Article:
What is right wing populism?
Right-wing populism is a political ideology that rejects existing political consensus and often combines laissez-faire liberalism and anti-elitism. It is considered populism because of its appeal to the “common man” as opposed to the elites. Populism is a political ideology that holds that virtuous citizens are mistreated by a small circle of elites, who can be overthrown if the people recognize the danger and work together.
Thomas Greven has identified three dominant features of rise of rightwing politics in Europe and America:
- Right-wing populism across Europe and the United States takes different forms depending on nationally specific factors such as political history, system and culture, but there are similarities. Populism’s central and permanent narrative is the juxtaposition of a (corrupt) “political class”, “elite”,or “establishment, and “the people”, as whose sole authentic voice the populist party bills itself.
- „ Right-wing populism adds a second antagonism of “us” versus “them”. Based on a definition of the people as culturally homogenous, right-wing populists juxtapose its identity and common interests, with are considered to be based on common sense, with the identity and interests of “others”, usually minorities such as migrants, which are supposedly favored by the (corrupt) elites. Right-wing populists are not necessarily extremists, and extremists are not necessarily populists. The latter, however, is very likely, as extremism lends itself to populism. The more ethno-centric the conception of the people, the more xenophobic the positioning against “the other”, and the clearer the desire to overthrow the democratic system of governance, the more likely it is that a right-wing populist party is also extremist.
- Right-wing populists also strategically and tactically use negativity in political communication. Supposed “political correctness” and dominant discourses are at the same time the declared enemies of right-wing populists and their greatest friends. They allow the staging of calculated provocations and scandals, and of the breaking of supposed taboos. As this resonates with the needs of the media in terms of market demands and the news cycle, right-wing populist receive a lot of free media.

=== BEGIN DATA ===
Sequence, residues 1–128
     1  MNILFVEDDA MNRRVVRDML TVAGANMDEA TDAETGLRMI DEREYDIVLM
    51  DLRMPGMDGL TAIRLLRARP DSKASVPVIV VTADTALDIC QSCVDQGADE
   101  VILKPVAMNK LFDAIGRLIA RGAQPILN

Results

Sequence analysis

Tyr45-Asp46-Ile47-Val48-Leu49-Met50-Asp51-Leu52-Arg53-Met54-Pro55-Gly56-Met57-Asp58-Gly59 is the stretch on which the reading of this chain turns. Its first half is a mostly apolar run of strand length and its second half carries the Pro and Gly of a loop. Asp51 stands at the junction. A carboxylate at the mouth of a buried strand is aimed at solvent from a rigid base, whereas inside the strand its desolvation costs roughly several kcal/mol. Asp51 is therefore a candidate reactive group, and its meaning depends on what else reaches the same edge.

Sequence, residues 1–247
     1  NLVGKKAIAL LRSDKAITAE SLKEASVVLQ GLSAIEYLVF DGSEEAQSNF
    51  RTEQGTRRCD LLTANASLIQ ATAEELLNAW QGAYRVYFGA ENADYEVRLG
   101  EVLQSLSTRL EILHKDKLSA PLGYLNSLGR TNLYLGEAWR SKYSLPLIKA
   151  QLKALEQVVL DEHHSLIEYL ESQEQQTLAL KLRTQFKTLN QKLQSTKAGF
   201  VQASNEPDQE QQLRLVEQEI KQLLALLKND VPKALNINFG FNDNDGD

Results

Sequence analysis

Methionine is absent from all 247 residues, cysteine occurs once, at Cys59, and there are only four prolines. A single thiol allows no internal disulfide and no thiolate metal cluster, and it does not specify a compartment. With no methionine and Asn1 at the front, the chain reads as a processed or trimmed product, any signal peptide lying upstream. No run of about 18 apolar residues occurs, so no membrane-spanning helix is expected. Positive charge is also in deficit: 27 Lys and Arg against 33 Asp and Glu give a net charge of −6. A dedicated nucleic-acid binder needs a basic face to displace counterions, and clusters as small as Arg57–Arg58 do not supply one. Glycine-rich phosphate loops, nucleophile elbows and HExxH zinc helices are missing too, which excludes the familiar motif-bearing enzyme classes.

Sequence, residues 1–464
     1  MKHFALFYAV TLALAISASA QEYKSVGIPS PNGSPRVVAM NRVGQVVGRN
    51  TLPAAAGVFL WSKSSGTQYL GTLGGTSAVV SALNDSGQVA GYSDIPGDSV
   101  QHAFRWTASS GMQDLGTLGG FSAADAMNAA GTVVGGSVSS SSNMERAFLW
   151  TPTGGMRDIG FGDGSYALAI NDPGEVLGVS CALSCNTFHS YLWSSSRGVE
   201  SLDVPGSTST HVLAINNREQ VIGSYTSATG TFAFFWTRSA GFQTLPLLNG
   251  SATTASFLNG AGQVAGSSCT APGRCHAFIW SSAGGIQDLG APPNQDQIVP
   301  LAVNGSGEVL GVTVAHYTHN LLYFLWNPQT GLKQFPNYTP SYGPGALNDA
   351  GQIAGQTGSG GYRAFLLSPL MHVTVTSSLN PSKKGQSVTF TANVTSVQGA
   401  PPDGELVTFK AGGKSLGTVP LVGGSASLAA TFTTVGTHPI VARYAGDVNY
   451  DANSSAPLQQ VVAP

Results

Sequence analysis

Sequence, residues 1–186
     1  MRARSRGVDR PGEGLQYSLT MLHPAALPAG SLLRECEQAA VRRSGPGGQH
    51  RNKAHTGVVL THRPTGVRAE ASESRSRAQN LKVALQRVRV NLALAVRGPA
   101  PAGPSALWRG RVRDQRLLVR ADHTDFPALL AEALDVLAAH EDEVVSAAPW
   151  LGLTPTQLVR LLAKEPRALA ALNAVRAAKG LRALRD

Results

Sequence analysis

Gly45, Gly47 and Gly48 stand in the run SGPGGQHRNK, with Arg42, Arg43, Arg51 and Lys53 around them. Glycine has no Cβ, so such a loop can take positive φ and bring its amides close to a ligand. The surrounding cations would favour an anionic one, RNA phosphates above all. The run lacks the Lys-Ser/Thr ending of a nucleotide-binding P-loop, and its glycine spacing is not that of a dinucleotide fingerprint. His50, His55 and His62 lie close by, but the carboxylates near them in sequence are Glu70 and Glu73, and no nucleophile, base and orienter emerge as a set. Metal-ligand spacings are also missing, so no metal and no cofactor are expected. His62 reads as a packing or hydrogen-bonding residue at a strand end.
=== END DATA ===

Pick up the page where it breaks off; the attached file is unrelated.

Why the present wind of right populism is blowing?
The present wind seems to be blowing against morally correct liberal democracy, rise of neo-elites due to liberalization and globalization. During last three decades of liberal democracy and capitalism, privatization, liberalization and globalization were the buzzword. Roughly since 1980s, the world seemed to be revolutionized in the sense of economic reforms as well as aspirations for liberal democracy everywhere. There was a tendency to make the world a global village and establish modern democratic systems and welfare states. Even the developing economies started embracing market economy and economic integration through open and free trade. The result was increase in income, output and employment. But critics pointed out that the fruits of development and growth at the global level went asymmetrically to a few countries and at national level majorly to the elite and ruling classes. Such analysts assert that the asymmetric and unequal benefits flowing from liberal states skewed the geopolitical matrices on one hand and deprived the common man of employment and a better living standard in the home economy. Thus the appeal of slogans like “America First” or “no migrants please” or “bring manufacturing and business to America” or “stop terror and lawlessness and give a semblance of presence of state” are consequence of such a new thinking. There are many such slogans ringing in Europe such as “Europe belongs to us”; “ the Burkini is a fundamentalist uniform”; “Islam is not part of Germany” etc. Right wing populism is increasing.
There is hardly a democracy in Europe where that same sentiment would not ring true. Countries in the formerly communist East have been hit especially hard by factory closures, high unemployment and an exodus of young workers to the wealthier states of Western Europe. Trump and his doppelgängers along the Danube have been able to capitalize not only on fears of migration but also on angst over economic inequality, often with what seem like the same slogans in different languages. On immigration: Send them back! On Muslims: Keep them out! On the media: Full of lies! On the Establishment: Crooked! On the elections: Rigged! Even their tactics seem to run in parallel, especially when it comes to the politics of fear.
Is right wing populism good or bad?
Rise of right wing populism may be in accordance with the principle of economic, social and political isostacy- a natural rebalancing process, meant for “undoing the overdone” (by the previous systems). Nevertheless, for European elites, such chasms between feelings and facts are frustrating. The Europeans belong to the tradition of the European Enlightenment and the Age of Reason. They find it extremely hard to face down the emotional force of right-wing populism using rational arguments.